Theatre 625

From Wikipedia, the free encyclopedia
Jump to: navigation, search

Theatre 625 is a British television drama anthology series, produced by the BBC and transmitted on BBC2 from 1964 to 1968. It was one of the first regular programmes in the line-up of the channel, and the title referred to its production and transmission being in the higher-definition 625-line format, which only BBC2 used at the time.

Overview[edit]

Overall, 114 ninety-minute plays were produced, and for its final year from 1967 the series was produced in colour, BBC2 being the first channel in Europe to broadcast in colour. Some of the best-known productions screened in the strand included a new version of Nigel Kneale's 1954 adaptation of George Orwell's Nineteen Eighty-Four (1965); the four-part Talking to a Stranger by John Hopkins (1966) which told the same story from four different viewpoints, and starred Judi Dench; and 1968's science-fiction allegory The Year of the Sex Olympics, again by Kneale.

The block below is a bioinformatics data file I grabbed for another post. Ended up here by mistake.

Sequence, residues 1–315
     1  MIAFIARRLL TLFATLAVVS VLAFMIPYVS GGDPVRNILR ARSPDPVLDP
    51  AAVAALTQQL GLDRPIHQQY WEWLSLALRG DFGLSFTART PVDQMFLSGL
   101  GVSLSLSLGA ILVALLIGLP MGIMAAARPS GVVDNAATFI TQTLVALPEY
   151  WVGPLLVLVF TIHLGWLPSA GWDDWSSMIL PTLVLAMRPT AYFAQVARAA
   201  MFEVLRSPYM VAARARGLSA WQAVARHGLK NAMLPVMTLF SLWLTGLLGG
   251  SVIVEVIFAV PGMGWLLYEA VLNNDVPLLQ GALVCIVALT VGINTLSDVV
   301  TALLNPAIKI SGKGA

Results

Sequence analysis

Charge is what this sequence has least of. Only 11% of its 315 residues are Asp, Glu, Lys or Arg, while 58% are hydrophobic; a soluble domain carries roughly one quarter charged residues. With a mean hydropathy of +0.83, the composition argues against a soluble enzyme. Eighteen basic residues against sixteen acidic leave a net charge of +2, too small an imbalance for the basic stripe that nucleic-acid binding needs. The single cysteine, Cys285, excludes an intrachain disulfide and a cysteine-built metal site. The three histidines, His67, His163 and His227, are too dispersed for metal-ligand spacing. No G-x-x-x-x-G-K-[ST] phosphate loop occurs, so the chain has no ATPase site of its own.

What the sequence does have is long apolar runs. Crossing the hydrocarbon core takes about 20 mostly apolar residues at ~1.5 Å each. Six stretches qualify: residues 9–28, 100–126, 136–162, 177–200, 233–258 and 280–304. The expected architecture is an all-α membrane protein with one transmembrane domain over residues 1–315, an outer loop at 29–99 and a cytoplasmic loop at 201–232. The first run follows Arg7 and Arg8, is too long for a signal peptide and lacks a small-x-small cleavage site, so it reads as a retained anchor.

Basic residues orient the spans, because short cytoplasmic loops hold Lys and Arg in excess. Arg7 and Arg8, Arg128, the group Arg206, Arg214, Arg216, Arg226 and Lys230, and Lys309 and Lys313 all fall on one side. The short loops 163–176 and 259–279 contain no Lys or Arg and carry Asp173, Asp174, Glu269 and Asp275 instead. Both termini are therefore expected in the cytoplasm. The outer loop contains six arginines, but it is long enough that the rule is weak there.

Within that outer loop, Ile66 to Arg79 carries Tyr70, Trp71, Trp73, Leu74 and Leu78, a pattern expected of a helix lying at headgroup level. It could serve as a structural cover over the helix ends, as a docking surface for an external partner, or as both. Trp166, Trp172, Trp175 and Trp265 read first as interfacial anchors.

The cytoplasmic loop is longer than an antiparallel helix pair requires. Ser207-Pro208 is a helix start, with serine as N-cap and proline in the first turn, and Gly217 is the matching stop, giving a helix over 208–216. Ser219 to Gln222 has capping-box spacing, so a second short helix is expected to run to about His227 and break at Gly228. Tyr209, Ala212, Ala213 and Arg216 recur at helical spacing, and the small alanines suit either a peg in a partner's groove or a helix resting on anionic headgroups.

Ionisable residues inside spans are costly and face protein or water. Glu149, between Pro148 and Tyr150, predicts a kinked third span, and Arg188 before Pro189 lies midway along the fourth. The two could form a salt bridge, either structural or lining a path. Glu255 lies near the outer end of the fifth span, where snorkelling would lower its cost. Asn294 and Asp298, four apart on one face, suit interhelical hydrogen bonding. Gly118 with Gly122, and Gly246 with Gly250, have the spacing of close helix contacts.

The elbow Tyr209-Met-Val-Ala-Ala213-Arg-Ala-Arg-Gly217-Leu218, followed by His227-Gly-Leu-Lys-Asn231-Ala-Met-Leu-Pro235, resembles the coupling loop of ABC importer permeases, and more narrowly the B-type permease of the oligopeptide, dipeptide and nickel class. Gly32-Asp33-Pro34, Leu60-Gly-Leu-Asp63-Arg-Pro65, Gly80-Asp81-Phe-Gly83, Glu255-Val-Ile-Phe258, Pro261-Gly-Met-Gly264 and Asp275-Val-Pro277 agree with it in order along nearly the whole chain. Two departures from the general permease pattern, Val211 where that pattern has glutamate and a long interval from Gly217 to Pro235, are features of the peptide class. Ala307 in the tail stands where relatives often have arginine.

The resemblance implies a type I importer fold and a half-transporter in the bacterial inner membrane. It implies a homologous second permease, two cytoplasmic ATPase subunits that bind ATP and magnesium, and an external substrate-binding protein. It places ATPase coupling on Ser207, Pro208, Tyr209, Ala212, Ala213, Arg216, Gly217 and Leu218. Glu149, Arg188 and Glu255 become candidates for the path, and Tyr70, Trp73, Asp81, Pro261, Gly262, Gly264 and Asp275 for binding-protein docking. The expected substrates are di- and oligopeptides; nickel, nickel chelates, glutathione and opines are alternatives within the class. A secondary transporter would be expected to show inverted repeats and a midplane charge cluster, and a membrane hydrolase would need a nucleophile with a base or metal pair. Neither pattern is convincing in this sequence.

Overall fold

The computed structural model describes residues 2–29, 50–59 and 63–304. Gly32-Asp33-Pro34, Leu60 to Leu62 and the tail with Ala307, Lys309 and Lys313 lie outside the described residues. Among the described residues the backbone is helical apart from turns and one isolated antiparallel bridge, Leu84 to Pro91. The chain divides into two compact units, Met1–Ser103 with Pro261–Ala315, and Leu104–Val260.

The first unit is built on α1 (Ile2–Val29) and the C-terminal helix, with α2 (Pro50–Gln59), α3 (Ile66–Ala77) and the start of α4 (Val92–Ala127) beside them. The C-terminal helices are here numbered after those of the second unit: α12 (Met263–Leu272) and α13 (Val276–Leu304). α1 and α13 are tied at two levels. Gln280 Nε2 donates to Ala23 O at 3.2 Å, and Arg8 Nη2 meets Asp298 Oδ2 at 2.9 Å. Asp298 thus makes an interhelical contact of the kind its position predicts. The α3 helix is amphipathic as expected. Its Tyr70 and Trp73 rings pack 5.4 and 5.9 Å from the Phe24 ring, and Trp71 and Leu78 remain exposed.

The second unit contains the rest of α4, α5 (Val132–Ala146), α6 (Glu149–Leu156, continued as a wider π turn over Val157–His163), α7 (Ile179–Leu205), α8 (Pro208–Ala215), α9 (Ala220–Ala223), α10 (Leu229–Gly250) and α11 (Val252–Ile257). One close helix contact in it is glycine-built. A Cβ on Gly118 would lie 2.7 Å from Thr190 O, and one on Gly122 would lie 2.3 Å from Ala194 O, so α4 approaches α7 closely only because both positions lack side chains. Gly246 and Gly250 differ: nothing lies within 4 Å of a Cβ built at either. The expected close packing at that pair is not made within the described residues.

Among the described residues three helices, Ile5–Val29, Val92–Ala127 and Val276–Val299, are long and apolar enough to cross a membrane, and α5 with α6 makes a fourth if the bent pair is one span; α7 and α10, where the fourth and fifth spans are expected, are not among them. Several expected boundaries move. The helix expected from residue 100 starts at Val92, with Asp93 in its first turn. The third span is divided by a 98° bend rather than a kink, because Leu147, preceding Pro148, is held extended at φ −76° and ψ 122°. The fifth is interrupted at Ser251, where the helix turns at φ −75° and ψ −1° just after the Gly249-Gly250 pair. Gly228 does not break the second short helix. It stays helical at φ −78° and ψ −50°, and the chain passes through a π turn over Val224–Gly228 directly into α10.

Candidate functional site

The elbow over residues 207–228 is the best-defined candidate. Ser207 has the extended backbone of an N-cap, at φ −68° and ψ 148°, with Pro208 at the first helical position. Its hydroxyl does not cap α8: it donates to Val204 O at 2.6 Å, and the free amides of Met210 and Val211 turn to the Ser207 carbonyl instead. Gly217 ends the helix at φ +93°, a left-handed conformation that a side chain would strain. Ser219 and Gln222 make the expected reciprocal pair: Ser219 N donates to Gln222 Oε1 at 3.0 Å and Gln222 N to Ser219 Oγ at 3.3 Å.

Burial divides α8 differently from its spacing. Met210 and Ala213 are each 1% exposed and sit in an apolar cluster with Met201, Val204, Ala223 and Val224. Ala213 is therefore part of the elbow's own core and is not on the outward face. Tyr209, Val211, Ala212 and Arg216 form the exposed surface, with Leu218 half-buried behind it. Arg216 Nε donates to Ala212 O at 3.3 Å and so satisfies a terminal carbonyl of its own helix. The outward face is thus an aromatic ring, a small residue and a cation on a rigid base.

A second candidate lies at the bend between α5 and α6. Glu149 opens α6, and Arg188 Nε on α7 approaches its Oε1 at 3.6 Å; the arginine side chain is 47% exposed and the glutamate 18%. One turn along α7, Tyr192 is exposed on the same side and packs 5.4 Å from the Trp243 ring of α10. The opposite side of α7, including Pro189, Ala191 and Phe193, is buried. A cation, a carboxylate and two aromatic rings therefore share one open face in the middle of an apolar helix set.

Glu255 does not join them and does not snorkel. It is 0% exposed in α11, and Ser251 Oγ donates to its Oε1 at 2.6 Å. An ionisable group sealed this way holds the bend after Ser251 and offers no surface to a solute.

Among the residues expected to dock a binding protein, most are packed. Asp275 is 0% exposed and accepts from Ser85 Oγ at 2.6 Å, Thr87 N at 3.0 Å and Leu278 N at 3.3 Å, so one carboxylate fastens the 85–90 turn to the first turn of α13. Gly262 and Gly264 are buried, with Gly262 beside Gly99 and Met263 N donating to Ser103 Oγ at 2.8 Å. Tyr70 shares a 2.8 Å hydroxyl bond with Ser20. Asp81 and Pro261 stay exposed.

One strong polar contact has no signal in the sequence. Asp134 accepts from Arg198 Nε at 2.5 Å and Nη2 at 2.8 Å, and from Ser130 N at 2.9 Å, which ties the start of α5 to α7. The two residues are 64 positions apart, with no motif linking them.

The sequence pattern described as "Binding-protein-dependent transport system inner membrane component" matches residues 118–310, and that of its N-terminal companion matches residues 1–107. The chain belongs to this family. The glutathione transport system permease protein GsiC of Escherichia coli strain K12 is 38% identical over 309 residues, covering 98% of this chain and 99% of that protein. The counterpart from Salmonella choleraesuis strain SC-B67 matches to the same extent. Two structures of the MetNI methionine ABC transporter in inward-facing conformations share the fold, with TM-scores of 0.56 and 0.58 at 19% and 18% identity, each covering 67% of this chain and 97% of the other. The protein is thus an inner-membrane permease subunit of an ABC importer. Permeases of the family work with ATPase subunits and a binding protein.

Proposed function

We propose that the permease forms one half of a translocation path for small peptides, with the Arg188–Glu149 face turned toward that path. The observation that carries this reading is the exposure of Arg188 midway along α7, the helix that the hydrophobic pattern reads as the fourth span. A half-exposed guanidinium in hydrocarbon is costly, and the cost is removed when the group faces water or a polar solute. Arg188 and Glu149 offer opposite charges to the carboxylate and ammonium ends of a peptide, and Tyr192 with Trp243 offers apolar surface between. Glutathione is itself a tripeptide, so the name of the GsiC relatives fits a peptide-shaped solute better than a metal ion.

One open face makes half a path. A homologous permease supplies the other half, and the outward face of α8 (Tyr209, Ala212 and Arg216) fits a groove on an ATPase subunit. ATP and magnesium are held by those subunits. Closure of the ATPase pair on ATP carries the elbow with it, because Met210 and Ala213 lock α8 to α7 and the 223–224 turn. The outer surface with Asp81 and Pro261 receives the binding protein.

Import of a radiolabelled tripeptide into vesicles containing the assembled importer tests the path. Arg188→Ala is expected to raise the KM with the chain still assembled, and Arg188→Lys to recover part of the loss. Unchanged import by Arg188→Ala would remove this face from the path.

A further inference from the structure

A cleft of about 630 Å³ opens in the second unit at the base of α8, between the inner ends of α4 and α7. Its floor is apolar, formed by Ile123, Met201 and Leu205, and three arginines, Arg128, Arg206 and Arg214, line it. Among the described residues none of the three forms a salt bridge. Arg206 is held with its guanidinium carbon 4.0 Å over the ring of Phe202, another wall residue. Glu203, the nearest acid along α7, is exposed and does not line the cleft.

As much British television output of the 1960s, many editions of Theatre 625 were not retained. However, Talking to a Stranger has been repeated in recent years, and issued in a DVD box-set of Dench's television work for the BBC. In a 2000 poll of industry experts conducted by the British Film Institute to find the 100 Greatest British Television Programmes of the 20th century, Talking to a Stranger was placed seventy-eighth.

Episode status[edit]

Following the conclusion of the series in 1968, some of the colour plays were later repeated on BBC1 in the new Play for Today strand in the early 1970s. The Year of the Sex Olympics was released on DVD by the BFI in 2003, although in black and white, as the original colour videotape was wiped, with only a film telerecording surviving in the archives.

Some episodes, previously thought to be lost were discovered in Washington D.C. in 2010.[1]

See also[edit]

References[edit]

  1. ^ Lawson, Mark (10 November 2010). "Yesterday's heroes: the lost treasure trove of BBC drama". guardian.co.uk. Retrieved 12 September 2012.